What’s the more plausible thesis about this film? That the organization behind the Bond series just pulled this story out of their asses? Or that it’s a useful distraction and a mental palliative to alleviate the necessity of thinking about things too deeply? Hey. Credit where credit is due. Halle Berry AND Rosamund Pike in one 007 movie are pretty decent distractions.

Anthony Sutton: America’s Secret Establishment

Understanding how the cultural climate got to its current place has been a central preoccupation on this platform, and I suggest that Anthony Sutton’s analysis of the influence of Skull and Bones on global politics and social consensus, America’s Secret Establishment, provides a plausible thesis. You don’t need an advanced degree to know that the range of acceptable opinion narrows with each passing day. While libertarians hold to the premise that this is still a free marketplace of ideas and all that one needs is libertarian historical revisionism and a dogmatic adherence to the Non-Aggression Principle in order to win the day, Sutton’s analysis of American history is far more credible. Sutton holds a right leaning libertarian view of both American republicanism and the primacy of the individual which locates his own thinking within the spectrum of conventional thought. This should not preclude a serious engagement with his analysis of the evolution of American institutions under the hidden hand of the shadow elite he refers to as The Order.

Christian monarchists hold that this socio-political order is upheld as an ideal because it corresponds to the metaphysic of the family outlined in the Bible. In other words, the patriarch is the head of the family. By having a hereditary monarchy, you have an institution at the center of the sociopolitical order which mirrors the family itself. By contrast, the democratic order places a network of institutions and representatives who have no connection to one another and no hereditary connection to their successors to bind them to the larger extended family of the nation state. Despite the founders’ best efforts at creating an organic aristocracy, the executive ends up being a de facto monarch surrounded by an impossibly byzantine bureaucracy which is captured by corporate interests. In short, it’s a sociopolitical order which lends itself to shadow government and secret societies. This is the core idea behind Sutton’s thesis and his book walks you through the formation of all of America’s institutions.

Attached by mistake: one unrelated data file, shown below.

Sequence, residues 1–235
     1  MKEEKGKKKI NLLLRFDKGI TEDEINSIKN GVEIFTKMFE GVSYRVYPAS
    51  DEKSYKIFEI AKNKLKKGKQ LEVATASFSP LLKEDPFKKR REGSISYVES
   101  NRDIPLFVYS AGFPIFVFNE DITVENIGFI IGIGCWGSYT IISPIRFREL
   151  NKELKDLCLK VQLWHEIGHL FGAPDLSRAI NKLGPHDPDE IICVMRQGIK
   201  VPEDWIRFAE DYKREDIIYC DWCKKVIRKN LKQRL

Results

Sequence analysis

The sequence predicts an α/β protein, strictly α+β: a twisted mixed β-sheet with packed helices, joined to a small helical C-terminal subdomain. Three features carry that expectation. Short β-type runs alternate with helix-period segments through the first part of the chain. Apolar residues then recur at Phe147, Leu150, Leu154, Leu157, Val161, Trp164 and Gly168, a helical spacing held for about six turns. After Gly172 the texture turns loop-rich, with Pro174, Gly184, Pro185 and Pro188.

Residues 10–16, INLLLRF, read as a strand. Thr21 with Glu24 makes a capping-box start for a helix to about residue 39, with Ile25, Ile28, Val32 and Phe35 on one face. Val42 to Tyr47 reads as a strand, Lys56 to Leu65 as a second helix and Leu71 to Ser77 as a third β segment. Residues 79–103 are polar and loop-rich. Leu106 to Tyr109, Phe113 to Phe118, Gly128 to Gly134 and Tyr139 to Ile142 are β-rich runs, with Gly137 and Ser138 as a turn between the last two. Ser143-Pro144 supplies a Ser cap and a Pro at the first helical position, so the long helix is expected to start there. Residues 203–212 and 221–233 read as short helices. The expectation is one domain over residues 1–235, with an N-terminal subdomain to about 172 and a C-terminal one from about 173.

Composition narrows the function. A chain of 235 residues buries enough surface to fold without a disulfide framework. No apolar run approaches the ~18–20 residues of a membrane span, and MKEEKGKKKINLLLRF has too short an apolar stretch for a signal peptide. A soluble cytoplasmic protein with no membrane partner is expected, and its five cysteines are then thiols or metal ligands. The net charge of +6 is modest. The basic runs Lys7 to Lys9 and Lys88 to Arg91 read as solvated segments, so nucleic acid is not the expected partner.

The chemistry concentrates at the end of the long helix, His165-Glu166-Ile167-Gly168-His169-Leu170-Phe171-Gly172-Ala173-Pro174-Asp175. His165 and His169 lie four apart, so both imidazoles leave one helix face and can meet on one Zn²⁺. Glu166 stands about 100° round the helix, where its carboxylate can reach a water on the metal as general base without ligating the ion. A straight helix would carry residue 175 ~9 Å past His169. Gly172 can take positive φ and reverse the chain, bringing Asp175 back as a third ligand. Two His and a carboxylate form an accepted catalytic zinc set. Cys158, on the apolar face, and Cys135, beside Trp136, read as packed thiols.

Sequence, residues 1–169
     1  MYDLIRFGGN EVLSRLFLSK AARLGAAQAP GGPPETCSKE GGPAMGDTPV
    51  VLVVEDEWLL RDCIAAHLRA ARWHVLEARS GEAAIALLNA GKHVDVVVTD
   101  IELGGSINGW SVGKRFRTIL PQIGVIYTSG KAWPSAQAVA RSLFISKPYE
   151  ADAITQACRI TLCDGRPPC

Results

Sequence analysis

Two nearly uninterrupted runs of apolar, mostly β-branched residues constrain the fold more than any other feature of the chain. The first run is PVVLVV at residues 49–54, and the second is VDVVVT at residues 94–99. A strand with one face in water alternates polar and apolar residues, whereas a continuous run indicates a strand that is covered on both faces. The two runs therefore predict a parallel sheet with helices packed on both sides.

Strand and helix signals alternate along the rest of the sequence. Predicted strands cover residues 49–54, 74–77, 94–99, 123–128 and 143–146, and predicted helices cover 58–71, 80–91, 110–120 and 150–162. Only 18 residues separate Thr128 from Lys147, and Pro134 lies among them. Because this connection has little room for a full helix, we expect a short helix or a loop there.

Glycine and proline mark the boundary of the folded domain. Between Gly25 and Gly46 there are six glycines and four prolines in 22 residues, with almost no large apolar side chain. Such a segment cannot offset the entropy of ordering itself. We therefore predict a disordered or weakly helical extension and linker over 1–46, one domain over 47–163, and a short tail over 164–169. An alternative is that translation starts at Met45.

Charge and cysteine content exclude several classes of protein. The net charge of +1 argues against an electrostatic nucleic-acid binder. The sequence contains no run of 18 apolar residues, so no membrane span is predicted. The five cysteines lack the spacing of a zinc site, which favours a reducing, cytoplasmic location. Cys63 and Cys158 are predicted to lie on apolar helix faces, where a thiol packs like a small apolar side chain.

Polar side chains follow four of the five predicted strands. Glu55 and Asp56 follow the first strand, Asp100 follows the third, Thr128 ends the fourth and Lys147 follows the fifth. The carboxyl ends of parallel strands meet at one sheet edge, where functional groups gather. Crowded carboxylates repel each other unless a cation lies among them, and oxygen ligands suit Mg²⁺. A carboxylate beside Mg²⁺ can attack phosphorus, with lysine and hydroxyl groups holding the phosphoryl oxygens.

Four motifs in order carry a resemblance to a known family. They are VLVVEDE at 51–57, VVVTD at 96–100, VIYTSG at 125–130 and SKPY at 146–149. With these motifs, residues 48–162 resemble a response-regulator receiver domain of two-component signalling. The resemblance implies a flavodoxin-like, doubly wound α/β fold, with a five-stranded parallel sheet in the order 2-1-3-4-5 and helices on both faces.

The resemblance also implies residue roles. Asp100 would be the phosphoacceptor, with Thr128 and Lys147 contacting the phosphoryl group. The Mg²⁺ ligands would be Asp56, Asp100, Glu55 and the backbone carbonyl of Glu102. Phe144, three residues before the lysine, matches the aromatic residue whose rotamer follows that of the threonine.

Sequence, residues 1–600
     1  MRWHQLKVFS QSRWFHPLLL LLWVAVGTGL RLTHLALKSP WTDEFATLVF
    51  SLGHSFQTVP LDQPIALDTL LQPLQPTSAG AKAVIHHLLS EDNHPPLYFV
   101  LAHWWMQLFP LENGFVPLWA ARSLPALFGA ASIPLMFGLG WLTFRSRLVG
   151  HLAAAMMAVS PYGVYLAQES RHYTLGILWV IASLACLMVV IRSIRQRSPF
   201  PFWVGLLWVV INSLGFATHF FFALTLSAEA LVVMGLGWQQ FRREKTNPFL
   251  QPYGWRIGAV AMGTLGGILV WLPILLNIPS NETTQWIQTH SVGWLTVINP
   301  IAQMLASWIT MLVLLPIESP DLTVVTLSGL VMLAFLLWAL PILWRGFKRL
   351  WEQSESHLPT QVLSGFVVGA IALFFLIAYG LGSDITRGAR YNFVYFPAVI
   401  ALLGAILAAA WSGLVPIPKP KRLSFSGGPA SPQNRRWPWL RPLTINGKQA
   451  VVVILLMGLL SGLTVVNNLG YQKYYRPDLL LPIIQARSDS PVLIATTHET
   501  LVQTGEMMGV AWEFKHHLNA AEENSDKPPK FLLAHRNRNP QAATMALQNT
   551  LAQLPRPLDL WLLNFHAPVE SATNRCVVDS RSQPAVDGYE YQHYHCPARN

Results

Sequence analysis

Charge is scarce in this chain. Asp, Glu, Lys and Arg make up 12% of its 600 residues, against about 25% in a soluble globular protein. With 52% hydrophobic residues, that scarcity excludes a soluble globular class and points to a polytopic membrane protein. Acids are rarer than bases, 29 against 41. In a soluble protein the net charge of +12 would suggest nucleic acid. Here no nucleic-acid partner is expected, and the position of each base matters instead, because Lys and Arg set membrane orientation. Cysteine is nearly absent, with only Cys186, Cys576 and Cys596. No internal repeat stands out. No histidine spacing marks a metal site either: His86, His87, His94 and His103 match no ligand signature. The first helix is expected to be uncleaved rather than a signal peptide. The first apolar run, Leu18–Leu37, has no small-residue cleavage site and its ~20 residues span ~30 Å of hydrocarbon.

The irony is that the collection of elites to whom Sutton refers as The Order are in fact a sort of hidden aristocracy. Hidden in plain sight that is. Sutton asks at the outset something that I believe is a perfectly reasonable and rational question. “If there can be conspiracy in the market place, then why not in the political arena?” (pg. 3) Of course, nowadays, there is acceptable conspiracy theory (i.e. Russiagate) and there is unacceptable conspiracy theory (e.g. 9/11, moon landing, JFK assassination, Sandy Hook, etc). Espousing belief in the former will never draw a word of reproach whereas any inkling of sympathy towards the latter conspiracies will get you drummed out of the public square.

The entire collection of presumptions that comprise the bedrock of classical liberalism is stunningly effective because you grow up accepting that these ideas represent the pinnacle of human thought and the end of history. All that remains is the continued perfection of the institutions and the process. If we just continue to accord unquestioned deference to the continued expansion of “human rights” and “democracy”, a glorious future of human cooperation, prosperity and equality surely awaits. Sutton’s book suggests that every sphere of American thought from economics to medicine to the arts has been intentionally colonized and molded to conform to a narrow range of acceptable ideas. More specifically, he posits that the Left-Right dialectic was an idea appropriated from Hegel in order to engender servitude to the State and shepherd a process of perpetual change. Contrary to popular belief, capitalism and communism are not the diametric opposites we’ve been trained to believe.